Crime

Cambria sexual assault cased tried by DA Dan Dow ends with mixed verdict

Defense attorney Ilan Funke-Bilu, right, questions a witness during the preliminary hearing for Herbert George Connor, 72, center, of Cambria, who was on trial for felony charges of assault with intent to commit rape, sexual battery and corporal injury.
Defense attorney Ilan Funke-Bilu, right, questions a witness during the preliminary hearing for Herbert George Connor, 72, center, of Cambria, who was on trial for felony charges of assault with intent to commit rape, sexual battery and corporal injury. jjohnston@thetribunenews.com

The District Attorney’s Office says a Cambria man faces four years in state prison after being found guilty Friday of sexual battery by restraint for throwing himself upon and groping a female companion in 2017.

But the highly unusual case — the first in San Luis Obispo to be personally prosecuted by a sitting District Attorney in 23 years — had a similarly unusual ending.

Herbert George Connor, 73, had been facing up to seven years in prison, having been charged with three felony counts: assault with the intention of committing rape; and two counts of sexual battery by restraint, each for one alleged physical act by Connor.

After a nearly three-week trial, the jury of eight women and four men delivered their verdict after a little more than a day of deliberations.

Though jurors found Connor not guilty of the felony assault with intent to commit rape, they instead found him guilty of a lesser included offense of misdemeanor assault.

On one of the sexual battery by restraint counts, the jury again found Connor not guilty, but instead found him guilty of a lesser included offense of misdemeanor simple battery.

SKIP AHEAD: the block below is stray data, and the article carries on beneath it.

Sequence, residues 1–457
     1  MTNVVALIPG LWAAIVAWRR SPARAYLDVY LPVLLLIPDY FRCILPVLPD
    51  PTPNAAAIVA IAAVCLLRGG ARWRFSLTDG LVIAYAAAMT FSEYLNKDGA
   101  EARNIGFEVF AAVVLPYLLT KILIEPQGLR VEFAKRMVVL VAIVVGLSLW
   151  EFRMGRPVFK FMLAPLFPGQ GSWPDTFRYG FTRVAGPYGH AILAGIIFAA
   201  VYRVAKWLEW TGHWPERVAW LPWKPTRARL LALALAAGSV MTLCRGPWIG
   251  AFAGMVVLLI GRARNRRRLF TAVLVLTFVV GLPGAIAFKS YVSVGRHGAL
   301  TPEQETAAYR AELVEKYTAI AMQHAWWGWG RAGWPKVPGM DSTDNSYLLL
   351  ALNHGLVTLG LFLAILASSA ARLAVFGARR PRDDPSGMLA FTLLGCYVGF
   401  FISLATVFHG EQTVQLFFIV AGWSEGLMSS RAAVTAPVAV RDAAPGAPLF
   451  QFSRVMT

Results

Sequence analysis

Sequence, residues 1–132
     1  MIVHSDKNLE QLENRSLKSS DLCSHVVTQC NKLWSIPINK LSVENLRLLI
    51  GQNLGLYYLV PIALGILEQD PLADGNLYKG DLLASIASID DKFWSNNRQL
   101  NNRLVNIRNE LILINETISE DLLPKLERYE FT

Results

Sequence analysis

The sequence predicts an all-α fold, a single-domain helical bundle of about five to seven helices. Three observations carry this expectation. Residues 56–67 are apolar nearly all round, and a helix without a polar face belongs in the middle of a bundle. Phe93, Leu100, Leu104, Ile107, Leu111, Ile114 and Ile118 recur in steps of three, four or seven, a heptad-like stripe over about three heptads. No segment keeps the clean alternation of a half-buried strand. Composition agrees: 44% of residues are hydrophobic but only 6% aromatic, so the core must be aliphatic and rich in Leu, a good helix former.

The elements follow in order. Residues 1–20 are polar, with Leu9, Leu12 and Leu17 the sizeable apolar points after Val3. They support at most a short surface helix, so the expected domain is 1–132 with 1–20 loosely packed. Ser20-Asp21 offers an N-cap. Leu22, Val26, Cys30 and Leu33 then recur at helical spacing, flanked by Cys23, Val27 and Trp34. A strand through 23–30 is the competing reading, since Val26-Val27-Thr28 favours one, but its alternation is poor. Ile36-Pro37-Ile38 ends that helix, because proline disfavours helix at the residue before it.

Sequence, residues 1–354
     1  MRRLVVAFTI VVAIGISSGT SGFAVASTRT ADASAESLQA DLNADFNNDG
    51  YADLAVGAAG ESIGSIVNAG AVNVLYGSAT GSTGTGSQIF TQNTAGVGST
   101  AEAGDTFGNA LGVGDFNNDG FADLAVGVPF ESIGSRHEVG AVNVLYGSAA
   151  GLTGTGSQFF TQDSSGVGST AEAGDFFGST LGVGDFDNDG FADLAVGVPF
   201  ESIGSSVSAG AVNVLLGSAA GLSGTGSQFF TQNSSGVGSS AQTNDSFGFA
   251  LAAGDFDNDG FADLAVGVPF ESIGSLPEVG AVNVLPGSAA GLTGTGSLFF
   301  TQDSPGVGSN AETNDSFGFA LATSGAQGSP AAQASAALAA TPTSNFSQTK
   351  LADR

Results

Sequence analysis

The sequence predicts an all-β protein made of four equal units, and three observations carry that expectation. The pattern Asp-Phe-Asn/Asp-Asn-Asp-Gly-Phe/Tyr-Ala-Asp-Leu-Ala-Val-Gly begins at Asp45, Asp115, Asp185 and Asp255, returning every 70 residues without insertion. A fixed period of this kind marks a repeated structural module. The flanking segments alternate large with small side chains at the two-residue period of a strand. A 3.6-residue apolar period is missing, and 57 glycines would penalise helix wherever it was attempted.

According to Assistant District Attorney Eric Dobroth, both of those lesser misdemeanor counts carry a maximum of six months in jail.

The jury found Connor guilty of the second sexual battery by restraint charge, which Dobroth said is a felony and carries a four-year maximum prison sentence.

But Ilan Funke-Bilu, Connor’s defense attorney, disputes that, telling The Tribune after the hearing that the charge is what’s known as a “wobbler,” which can be tried as either misdemeanor or felony. Even though the District Attorney’s Office charged Connor with a felony, the jury’s verdict forms did not specify the class of the charge, and the court must find Connor guilty of a misdemeanor, Funke-Bilu said.

“The verdict form is sacred,” he said.

In addition, Funke-Bilu said the jury’s two not guilty verdicts amounted to acquittals of the charges “in their entirety.”

“My client was acquitted of two counts of assault and sexual battery by restraint and found guilty of one misdemeanor sexual battery by restraint,” Funke-Bilu said, adding that the verdict was an “unfortunate result.”

“In my opinion, it should have been three acquittals,” he said.